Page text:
Read An Island Apart Online

Authors: Lillian Beckwith

An Island Apart

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Contents

Lillian Beckwith

An Island Apart

Lillian Beckwith

Lillian Comber wrote fiction and non-fiction for both adults and children under the pseudonym Lillian Beckwith. She is best known for her series of comic novels based on her time living on a croft in the Scottish Hebrides.

Beckwith was born in Ellesmere Port, Cheshire, in 1916, where her father ran a grocery shop. The shop provided the background for her memoir
About My Father's Business
, a child's eye view of a 1920s family. She moved to the Isle of Skye with her husband in 1942, and began writing fiction after moving to the Isle of Man with her family twenty years later. She also completed a cookery book,
Secrets from a Crofter's Kitchen
(Arrow, 1976).

Since her death, Beckwith's novel
A Shine of Rainbows
has been made into a film starring Aidan Quinn and Connie Nielsen, which in 2009 won ‘Best Feature' awards at the Heartland and Chicago Children's Film Festivals.

Dedication

For Geoff and Grace, with love

Vocabulary

A chiali mo chridhe
Beag (Bek)
Bheinn
Cailleach (Kalyak)
Ceilidh (Kayley)
Ciamar a tha? (Camera how?)
He fooar (Hay-foo-ar)
Mho ghaoil (Moh gool)
Mhor (More)
Oidhche mhath (Oykee va)
Prapach (Prapak)
Slainthe mhath! (Slanjy va!)
Strupach (Stroopak)

my dearest dear
small
wife
old woman (the wife)
a meeting for gossip and song
how are you?
it is cold
my dear
big
good night
a small pile of hay
good health!
a cup of tea and a bite to eat

Chapter One

The light from the street lamps was veiled by a heavy, wind-harried drizzle intermixed with sleety warnings of impending snow. The city pavements were slushy beneath the feet of jaded shoppers and homegoing workers who, with faces crumpled into scowls of resentment against the weather, scurried to catch transport to their destinations before the increasing wind should urge the snow to launch a full attack.

Amidst the crowds two figures, a man and a woman, could be singled out in sharp relief. They neither hurried nor jostled but paced composedly side by side; their shoulders were not hunched; their faces were not crumpled into scowls but rather lifted unconcernedly to face the drizzle. They neither conversed nor exchanged a perceptible glance and though they were plainly together their attitude was one of separateness, as if it were obligatory they should keep a prearranged distance between them so creating the impression that they were as indifferent to each other as they appeared to be to the harshness of the weather.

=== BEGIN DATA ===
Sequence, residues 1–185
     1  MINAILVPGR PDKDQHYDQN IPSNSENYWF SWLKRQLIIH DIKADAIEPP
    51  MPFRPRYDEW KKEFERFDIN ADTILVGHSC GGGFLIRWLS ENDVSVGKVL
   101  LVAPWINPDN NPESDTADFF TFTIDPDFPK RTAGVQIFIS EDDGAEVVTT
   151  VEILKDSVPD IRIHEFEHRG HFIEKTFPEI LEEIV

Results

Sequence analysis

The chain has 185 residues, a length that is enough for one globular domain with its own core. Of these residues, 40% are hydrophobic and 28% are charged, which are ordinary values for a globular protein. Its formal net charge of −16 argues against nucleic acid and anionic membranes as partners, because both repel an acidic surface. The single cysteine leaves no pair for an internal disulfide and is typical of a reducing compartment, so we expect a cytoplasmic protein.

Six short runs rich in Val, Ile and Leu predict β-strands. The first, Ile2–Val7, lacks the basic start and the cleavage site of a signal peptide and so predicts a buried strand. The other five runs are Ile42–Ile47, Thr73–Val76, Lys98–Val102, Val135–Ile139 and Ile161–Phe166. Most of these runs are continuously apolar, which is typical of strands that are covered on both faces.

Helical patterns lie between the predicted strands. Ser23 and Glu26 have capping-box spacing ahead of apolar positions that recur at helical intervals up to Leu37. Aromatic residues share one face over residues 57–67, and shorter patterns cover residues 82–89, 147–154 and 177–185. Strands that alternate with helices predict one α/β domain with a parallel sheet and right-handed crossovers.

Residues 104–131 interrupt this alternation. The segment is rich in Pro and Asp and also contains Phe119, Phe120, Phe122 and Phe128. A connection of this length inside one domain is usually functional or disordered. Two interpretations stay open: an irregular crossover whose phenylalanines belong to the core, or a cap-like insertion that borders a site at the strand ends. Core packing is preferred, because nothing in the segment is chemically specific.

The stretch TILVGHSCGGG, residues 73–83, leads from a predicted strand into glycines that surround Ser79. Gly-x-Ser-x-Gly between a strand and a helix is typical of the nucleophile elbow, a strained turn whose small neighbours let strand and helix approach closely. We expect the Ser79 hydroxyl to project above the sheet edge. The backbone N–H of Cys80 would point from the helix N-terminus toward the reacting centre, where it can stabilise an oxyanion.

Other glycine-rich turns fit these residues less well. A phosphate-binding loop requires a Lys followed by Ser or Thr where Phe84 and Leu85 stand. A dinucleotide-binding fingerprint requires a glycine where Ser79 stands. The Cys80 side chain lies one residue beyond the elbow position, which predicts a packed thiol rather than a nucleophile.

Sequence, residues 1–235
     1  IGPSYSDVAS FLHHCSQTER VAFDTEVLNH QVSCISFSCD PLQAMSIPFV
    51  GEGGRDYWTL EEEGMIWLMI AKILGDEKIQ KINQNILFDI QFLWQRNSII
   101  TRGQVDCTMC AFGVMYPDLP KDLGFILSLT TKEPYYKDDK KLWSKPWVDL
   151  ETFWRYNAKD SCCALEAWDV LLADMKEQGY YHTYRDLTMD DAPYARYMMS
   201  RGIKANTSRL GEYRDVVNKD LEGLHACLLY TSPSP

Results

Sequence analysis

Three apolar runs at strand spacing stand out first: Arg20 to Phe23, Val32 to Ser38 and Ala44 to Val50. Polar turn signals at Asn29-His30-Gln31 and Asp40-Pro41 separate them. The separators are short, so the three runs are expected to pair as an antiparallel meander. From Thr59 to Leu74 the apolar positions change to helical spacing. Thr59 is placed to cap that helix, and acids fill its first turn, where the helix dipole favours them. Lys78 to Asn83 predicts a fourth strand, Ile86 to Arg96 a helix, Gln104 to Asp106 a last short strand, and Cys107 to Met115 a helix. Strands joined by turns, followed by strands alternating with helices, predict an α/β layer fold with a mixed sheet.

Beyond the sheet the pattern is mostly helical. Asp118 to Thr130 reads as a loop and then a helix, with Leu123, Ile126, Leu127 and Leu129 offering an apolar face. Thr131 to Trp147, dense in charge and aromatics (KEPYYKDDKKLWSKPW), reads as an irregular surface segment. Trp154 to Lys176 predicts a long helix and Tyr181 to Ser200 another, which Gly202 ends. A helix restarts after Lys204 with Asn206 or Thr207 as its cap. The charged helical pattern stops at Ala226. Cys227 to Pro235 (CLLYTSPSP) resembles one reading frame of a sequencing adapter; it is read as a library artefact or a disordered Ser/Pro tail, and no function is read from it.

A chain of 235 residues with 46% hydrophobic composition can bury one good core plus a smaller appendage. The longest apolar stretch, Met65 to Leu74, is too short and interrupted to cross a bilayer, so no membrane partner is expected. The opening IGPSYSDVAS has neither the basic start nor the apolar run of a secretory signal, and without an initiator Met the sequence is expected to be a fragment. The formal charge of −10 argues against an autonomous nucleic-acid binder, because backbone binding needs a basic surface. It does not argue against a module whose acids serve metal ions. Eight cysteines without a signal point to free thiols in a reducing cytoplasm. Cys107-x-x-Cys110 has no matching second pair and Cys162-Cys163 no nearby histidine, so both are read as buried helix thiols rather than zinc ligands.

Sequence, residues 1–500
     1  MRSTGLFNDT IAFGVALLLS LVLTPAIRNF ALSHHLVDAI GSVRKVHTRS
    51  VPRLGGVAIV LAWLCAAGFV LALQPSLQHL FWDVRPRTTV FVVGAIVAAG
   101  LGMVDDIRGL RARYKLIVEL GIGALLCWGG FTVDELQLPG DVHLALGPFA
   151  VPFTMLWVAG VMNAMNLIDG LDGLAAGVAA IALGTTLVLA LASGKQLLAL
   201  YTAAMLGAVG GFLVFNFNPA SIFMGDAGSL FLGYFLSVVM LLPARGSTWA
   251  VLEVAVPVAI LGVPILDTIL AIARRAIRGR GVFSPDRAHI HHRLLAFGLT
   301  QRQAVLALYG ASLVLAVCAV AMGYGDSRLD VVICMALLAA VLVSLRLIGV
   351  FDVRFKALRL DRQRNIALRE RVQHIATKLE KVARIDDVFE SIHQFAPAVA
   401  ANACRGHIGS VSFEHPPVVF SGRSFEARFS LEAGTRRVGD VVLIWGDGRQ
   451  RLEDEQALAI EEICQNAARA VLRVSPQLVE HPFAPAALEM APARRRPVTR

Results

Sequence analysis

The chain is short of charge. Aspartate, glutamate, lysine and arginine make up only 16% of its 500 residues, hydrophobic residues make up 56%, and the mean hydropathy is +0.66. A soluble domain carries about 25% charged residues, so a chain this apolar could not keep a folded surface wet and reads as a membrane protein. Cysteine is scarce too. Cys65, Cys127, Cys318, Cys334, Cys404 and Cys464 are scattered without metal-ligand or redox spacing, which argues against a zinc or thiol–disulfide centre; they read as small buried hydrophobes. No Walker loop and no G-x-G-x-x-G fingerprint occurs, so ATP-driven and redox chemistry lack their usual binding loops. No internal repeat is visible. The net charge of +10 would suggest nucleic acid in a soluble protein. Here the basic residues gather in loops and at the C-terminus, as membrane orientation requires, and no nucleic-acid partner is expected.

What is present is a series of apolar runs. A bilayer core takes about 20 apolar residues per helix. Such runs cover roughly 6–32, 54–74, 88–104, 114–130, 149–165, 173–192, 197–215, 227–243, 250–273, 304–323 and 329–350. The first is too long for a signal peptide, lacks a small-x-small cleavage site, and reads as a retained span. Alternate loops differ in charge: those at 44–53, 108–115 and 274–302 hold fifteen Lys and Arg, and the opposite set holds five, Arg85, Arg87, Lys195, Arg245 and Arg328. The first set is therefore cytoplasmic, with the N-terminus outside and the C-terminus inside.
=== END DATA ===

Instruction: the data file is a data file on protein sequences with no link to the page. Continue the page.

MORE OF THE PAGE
The stocky figure of the man looked cosily enough clad in a thick homespun jacket which gave the appearance of being only bedewed by the drizzle as did his deerstalker hat pulled well down over his forehead. His ungloved hands seemed to hover tentatively in the region of his jacket pockets as if resisting their offered protection; his sturdy lace boots trod the pavement with the confident gait of the born countryman.

The woman, slightly shorter and only a little less stocky than the man, carried a tightly furled umbrella under her arm despite the fact that her macintosh had draped itself in a browbeaten way around her figure as if signalling that it was no longer able to repel the unremitting drizzle. Her black cloche hat had tightened and shrunk away from the auburn hair which patently it had been designed to confine; her lisle stockings, liberally splashed with pavement slush clung wetly to the calves of her legs while the limpness of her worn brogues betrayed the fact that they had not adequately protected her feet.